JACKSON, HENRY. (1747–1809). Continental officer. Massachusetts. Born in Boston, before the war Henry Jackson was an officer in the First Corps of Cadets, an elite militia unit that was disbanded during the British occupation. After the British left Boston, six former Cadet officers, including John Hancock and Henry Jackson, organized the Boston Independent Company. The Massachusetts General Court commissioned its officers on 7 December 1776. Because of the company's elite, voluntary status, Hancock, its nominal leader, was commissioned as colonel, and Henry Jackson, the actual commander, was commissioned as lieutenant colonel.
Jackson led the company on an alarm to Newport, Rhode Island, in mid-April 1777. Commissioned as colonel of one of the sixteen Additional Continental Regiments as from 12 January 1777, he raised the regiment by recruiting around Boston in the spring and summer. With the main army during the Monmouth campaign, he led the regiment back to New England for operations against Newport in 1778 and 1779. On 9 April 1779, the regiment was consolidated with three other understrength Additional Continental Regiments (David Henley's, William Lee's, and Henry Sherburne's), with Jackson continuing in command. Returning to the main army in November 1779, the regiment helped to oppose the Springfield Raidin New Jersey in June 1780.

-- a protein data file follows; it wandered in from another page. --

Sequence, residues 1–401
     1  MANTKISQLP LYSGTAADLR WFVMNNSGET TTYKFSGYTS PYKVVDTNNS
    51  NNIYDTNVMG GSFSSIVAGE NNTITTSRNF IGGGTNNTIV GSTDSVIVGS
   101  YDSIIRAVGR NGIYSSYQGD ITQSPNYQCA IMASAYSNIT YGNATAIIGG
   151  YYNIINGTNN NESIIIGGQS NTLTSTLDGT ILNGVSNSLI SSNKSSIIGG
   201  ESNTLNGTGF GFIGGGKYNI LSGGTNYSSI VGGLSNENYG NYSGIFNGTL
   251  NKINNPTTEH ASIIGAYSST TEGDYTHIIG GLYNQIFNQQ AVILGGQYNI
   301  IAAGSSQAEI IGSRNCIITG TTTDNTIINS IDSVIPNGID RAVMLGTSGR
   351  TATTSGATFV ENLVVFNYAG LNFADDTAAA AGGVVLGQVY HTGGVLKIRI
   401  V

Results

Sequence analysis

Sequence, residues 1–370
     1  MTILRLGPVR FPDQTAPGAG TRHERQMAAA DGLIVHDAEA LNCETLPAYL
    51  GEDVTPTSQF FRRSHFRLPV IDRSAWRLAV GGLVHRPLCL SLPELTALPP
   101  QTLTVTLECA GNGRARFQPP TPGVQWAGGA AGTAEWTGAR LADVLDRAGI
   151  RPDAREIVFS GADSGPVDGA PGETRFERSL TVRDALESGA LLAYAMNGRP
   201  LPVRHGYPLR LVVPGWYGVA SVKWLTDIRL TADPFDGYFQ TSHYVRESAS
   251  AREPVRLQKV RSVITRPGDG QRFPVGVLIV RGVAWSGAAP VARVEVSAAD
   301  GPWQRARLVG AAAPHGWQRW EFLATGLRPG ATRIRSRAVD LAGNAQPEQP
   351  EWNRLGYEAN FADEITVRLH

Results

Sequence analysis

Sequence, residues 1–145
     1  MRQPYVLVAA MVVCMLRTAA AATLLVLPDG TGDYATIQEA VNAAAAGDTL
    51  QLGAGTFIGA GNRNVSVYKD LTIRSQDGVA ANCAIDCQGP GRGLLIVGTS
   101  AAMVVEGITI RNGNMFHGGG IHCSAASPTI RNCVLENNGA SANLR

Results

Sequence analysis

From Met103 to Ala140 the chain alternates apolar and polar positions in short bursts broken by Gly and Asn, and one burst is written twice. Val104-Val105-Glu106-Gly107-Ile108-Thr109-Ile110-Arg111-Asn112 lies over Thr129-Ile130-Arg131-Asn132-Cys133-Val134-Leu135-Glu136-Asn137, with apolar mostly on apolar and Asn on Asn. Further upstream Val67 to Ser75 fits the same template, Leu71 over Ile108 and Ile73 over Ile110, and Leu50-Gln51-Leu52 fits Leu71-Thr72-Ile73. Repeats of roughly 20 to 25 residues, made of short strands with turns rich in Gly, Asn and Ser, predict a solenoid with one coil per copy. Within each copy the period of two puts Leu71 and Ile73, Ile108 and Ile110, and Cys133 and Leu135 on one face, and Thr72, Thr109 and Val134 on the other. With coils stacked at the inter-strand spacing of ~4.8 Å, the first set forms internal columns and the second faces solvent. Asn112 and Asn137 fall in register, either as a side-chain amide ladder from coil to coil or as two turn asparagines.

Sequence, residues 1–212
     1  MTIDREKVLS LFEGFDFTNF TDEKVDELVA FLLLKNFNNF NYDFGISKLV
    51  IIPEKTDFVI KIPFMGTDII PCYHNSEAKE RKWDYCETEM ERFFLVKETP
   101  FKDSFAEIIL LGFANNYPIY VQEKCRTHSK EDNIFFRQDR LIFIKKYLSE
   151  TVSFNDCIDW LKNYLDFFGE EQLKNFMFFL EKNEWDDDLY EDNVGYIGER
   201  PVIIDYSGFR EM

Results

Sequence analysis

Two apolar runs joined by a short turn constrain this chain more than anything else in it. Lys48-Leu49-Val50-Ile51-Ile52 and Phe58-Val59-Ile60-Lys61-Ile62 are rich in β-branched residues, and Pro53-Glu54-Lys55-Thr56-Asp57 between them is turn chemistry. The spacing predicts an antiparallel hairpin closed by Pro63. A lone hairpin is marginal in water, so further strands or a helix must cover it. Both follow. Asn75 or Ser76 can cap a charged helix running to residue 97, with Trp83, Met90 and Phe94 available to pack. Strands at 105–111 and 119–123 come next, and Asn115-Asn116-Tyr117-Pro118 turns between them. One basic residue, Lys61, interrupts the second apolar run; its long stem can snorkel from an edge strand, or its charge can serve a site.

The unit was redesignated the Sixteenth Massachusetts Regiment on 24 July 1780 and consolidated into the reorganized Massachusetts Line on 1 January 1781. Jackson assumed command of the Ninth Massachusetts and then, on the further consolidation of the Line, of the Fourth Massachusetts on 1 January 1783. He was breveted brigadier general on 30 September, and on 3 November 1783 he became colonel of the First American Regiment. On Evacuation Day, 25 November 1783, he was the "senior infantry officer present" and commanded the 800-man column that marched into New York City. Jackson continued in command of the First American (the only infantry regiment in the American army after the Continental army was disbanded on 31 December 1783) until 20 June 1784, at which time the American standing army was reduced to eighty men. After the war he was major general of the Massachusetts militia (1792–1796), U.S. agent supervising the building of the frigate Constitution in 1797, and business agent for his close friend, Henry Knox, especially concerning Knox's land holdings in Maine.
revised by Harold E. Selesky